Just a couple of questions if I may: I can see from your list of suggestions, cerbie, that you've not included any S or T CPUs. Is it because the energy efficiency gains that can be had with a 65W or a 35W CPU can be emulated in a 85W CPU if you undervolt? I think I read somethng along these lines, unfortunately can't find the site.
Not even undervolt (not that it would be a bad thing to do, or anything...). You can set the TDPs
on most mobos. In my B85M Pro4, I can set the long-term TDP, short-term TDP, and the duration before the long-term TDP kicks in. So, if you need a lower long-term TDP, just set it. Most work doesn't reach TDP, or doesn't stay there for long, and
with peak power consumption being quadratic, with respect to clocks and voltage, the top few hundred MHz are a lot of the TDP.
FI, my CPU has a long-term TDP of 80W. If I set it to 50W, and the short-term to 70W (not sure what the default for short-term is, for mine), multi-core benchmark scores go down by no more than 15%, but most only 5-10%. Why? Because most tasks don't bring the CPU close to the standard max TDP. Logging instant power use w/ CoreTemp, I found most games, CPU-heavy programs, and even benchmark programs, mostly got into the 60-65W range, with stock settings. YMMV, obviously, by sample, but why give up options for the same price?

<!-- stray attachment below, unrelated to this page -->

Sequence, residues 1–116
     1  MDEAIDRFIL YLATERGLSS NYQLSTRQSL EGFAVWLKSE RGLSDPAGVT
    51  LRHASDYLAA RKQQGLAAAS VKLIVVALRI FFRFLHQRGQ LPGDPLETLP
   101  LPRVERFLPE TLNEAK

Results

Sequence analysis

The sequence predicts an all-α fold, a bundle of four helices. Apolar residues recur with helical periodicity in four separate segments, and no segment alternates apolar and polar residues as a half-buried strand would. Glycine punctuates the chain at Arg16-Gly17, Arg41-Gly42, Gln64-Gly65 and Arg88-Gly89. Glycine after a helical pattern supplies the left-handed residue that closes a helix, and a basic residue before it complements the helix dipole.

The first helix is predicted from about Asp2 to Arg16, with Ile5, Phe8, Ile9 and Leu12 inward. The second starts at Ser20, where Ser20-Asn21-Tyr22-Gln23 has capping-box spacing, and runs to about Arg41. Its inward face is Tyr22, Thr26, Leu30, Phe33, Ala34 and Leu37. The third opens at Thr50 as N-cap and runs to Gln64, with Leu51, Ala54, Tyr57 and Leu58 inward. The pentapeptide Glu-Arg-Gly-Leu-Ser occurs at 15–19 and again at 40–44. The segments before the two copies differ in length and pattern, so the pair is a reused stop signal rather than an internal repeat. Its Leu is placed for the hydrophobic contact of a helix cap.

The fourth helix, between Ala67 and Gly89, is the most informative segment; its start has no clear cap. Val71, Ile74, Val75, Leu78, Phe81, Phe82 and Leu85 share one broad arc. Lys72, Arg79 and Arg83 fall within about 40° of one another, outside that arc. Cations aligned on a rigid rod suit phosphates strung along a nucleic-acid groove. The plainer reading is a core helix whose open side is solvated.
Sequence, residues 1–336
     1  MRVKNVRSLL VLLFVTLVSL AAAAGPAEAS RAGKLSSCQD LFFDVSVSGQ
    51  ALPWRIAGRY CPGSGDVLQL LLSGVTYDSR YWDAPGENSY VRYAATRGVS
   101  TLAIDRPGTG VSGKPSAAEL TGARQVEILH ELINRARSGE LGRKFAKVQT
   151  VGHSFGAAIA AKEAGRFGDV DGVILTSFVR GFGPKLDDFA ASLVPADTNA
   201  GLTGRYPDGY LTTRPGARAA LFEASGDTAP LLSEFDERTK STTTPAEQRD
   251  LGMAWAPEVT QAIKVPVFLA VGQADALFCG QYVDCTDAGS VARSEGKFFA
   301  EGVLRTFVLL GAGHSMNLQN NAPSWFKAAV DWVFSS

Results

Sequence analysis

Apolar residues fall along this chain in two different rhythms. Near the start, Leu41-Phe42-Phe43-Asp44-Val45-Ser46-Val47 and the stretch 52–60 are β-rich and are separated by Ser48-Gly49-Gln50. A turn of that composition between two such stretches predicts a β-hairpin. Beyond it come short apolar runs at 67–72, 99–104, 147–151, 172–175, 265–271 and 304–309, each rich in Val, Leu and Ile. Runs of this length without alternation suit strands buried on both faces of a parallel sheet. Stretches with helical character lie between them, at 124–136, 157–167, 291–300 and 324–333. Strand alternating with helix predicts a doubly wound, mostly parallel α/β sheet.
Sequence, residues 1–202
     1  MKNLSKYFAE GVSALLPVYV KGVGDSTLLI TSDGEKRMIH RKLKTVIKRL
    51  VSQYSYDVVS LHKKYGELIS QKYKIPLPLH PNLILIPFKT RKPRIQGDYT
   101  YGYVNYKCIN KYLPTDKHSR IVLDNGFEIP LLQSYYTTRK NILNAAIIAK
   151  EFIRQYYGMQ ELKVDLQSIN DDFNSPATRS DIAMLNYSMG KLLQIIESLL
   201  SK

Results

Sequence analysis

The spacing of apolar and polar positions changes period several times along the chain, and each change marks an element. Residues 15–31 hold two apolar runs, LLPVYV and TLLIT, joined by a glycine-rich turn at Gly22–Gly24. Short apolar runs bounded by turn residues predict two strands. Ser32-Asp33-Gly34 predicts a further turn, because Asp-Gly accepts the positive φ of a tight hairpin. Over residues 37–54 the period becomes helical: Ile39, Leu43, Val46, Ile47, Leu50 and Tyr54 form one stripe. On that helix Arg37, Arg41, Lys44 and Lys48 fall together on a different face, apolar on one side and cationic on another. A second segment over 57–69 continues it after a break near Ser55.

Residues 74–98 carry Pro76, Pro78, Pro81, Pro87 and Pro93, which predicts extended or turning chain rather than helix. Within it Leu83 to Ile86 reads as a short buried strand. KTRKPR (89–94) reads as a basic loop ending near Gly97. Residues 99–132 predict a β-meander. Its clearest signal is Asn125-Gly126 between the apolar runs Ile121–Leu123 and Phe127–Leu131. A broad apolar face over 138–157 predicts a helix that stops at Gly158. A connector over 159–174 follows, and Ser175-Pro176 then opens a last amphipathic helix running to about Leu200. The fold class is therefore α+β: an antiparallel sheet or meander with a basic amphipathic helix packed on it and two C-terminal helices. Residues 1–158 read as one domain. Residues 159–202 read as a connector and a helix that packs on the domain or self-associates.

The S and T models are not superior CPU bins, but merely parts specified for ease of use in SFF implementations, for small system integrators and large OEMs, that need to be able to plug the CPU into the socket, turn it on, and not fuss with anything else, because a human spending 5 minutes in a BIOS interface per unit adds up to more than the difference between CPU model costs.
Another question: Haswell or Haswell Refresh?
Cost, at some speed. The refreshes are mostly 100-200MHz higher for the same cost, in the U.S. and Canada, so there's little reason not to go with the refresh. If that is not the case in the UK, the non-refresh are great CPUs, too. For the most part, this refresh was uneventful, at least for desktop users.
I've been considering using the integrated graphics card (at least for now) as from what I've read Lr does not make very much use of the GPU. The integrated graphics card will have to support at least 27in monitor (which, ifI'm right, Intel graphics 4600 can do).
Size doesn't matter, but resolution and refresh rate can. Some monitors may need HDMI or DP from the IGP to run at full res/refresh, which might be easier to get by adding a card, given how few DIYer mobos come properly equipped, in terms of office-oriented video ports (DVI or HDMI, VGA, 2xDP). A 27" 1920x1080 monitor will be the same for the GPU as a 20" one. 2560x1440, OTOH, can be iffy, depending on board, at least at 60Hz. If more than one of those, a suitable video card can be cheap insurance.